Part One of this blogpost (November 30) outlined the essential factors students should consider as they embark on their college search. Now that those broad strokes have been taken, let's look more closely at how to evaluate the academics at colleges.
Ask Yourself: Do you have a favorite subject or long-time passion, or do you enjoy many subjects and don't feel ready to choose a major yet?
Some students know what course of study they wish to pursue in college, but most apply as "undecided" and rather begin their freshman year exploring options. If you already know what you will major in, your website research will be narrowed to that department and everything it offers. Some colleges have separate webpages for each of their individual schools (engineering, business, arts & sciences, etc.) and it is important to look for your intended major here so that you understand the requirements of each particular school. [Key tip: make sure you are looking at the undergraduate departments, not the graduate program.]
For students who are not yet certain, it is especially important to review all of the majors and minors a college offers to insure that there is more than one that appeals to you. Here too, it is advisable to explore the majors/minors within each school. You may find areas you never considered studying and decide to investigate these further.
In either case, take notes on what appeals to you as you surf the websites and jot down questions. Then open the conversation with that department by emailing your questions to the department chair or even a specific professor. In your email, ask if the person can put you in touch with a couple of students majoring in that field so that you can ask some first-hand questions of current students. Do not be afraid that you are bothering these "important" people; you will be pleasantly surprised how many of them reply directly. If they cannot respond, they will forward your query to someone who will.
Ask Yourself: What type of learning environment is best suited for you? Do you prefer smaller classes with lots of discussion time or do you work better in a lecture setting taking lots of notes?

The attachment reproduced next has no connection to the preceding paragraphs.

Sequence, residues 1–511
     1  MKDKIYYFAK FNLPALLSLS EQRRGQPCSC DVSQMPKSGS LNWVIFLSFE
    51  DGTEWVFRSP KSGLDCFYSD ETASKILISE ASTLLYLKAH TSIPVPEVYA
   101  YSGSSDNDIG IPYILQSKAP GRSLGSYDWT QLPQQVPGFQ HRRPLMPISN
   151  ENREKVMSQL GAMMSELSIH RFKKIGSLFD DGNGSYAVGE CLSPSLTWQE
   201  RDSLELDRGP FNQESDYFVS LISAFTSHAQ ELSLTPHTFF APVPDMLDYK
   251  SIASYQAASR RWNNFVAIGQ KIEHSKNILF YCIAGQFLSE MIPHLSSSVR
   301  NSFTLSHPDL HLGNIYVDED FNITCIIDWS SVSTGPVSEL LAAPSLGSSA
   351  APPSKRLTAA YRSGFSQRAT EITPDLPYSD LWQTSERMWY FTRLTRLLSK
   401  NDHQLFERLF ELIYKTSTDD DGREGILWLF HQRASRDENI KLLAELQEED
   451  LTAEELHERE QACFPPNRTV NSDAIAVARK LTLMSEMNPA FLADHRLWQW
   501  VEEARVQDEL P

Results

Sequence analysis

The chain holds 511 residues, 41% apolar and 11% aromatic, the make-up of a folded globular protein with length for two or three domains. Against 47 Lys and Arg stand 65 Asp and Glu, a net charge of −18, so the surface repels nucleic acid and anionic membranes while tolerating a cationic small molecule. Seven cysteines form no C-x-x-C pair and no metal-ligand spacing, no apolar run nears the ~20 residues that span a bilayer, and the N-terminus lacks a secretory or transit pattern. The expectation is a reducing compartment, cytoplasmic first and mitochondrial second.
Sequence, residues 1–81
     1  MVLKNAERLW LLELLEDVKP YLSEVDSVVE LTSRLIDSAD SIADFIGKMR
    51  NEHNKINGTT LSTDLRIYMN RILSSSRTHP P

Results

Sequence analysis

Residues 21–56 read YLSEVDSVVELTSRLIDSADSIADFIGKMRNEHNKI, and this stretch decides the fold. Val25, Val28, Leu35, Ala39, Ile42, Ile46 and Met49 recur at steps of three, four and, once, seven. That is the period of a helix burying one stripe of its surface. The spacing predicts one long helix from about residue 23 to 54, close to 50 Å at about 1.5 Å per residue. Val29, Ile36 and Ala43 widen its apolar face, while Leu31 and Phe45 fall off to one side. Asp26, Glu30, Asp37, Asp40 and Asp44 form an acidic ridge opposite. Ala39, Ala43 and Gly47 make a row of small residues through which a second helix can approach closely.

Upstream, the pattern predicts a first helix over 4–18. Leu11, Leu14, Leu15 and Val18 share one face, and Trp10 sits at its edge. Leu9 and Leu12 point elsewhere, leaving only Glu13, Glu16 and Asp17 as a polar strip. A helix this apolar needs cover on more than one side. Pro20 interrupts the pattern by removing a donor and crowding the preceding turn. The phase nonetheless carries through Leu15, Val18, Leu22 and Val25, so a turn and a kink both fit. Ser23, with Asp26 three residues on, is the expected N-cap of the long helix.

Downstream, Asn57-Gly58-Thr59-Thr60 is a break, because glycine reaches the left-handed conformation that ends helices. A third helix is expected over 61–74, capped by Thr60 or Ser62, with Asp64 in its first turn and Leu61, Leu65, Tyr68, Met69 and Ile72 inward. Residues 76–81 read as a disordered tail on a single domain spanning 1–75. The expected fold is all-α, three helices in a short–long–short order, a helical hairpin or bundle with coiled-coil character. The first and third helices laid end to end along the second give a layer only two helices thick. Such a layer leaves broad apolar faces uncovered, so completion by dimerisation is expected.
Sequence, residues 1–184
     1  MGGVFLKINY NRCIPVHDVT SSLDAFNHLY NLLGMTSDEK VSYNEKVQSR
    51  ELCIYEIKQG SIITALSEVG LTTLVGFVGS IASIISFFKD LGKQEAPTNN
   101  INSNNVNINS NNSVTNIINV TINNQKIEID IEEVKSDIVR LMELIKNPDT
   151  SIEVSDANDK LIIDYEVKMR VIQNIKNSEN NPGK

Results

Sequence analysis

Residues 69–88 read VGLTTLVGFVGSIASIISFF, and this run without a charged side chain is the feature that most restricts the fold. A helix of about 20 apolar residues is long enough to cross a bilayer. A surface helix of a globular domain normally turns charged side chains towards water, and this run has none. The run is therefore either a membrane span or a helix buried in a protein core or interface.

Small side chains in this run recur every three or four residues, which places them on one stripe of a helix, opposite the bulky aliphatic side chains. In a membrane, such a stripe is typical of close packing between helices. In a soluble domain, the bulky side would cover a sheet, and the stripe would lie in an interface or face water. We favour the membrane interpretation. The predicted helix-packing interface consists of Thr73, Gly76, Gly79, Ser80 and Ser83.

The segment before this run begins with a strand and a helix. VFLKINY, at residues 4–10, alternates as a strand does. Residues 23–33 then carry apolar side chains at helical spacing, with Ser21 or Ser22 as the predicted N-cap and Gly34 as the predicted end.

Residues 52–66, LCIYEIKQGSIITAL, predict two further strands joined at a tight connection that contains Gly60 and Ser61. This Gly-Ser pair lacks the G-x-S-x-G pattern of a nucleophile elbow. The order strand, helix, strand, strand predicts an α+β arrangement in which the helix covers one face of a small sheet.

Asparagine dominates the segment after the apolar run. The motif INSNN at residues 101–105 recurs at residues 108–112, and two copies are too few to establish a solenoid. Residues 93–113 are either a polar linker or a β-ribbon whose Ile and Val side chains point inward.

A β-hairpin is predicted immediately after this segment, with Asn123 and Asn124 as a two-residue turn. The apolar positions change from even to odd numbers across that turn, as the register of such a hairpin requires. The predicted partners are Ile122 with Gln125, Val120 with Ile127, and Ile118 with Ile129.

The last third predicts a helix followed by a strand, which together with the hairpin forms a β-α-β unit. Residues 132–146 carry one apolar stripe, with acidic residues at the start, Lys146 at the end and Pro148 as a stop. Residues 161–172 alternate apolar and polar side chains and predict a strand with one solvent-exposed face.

Most colleges list on their website the student to faculty ratio; the smaller the ratio, the greater number of small classes. Many schools will also include the percentage of classes under 20 which also gives a good sense of class sizes in general.
Aside from class size, you may wonder about your classmates themselves. One benefit of being in a "better" school is being surrounded by strong and motivated students who make discussions more interesting and collaborative projects more successful. Furthermore, since professors must often tailor the level of their classes to the students in them, chances are better that you'll enjoy a more challenging curriculum with brighter classmates.
Pay Attention To: the "extras." Some colleges have an Honors College within them for top students which is worth investigating. Other schools have a "first year experience" with a broad variety of courses that may be particularly helpful for students who need to figure out their prospective major. The variety and strength of the internship opportunities and even study abroad programs can also tell you a great deal of what a college has to offer.
Stay Tuned ~ next week's blogpost, Part Three, will offer good ideas for making the most of your meeting with the college counselor at your high school. This can be particularly important if you are in a large high school where the college counselors are responsible for hundreds of students. You want the school counselor to get to know you!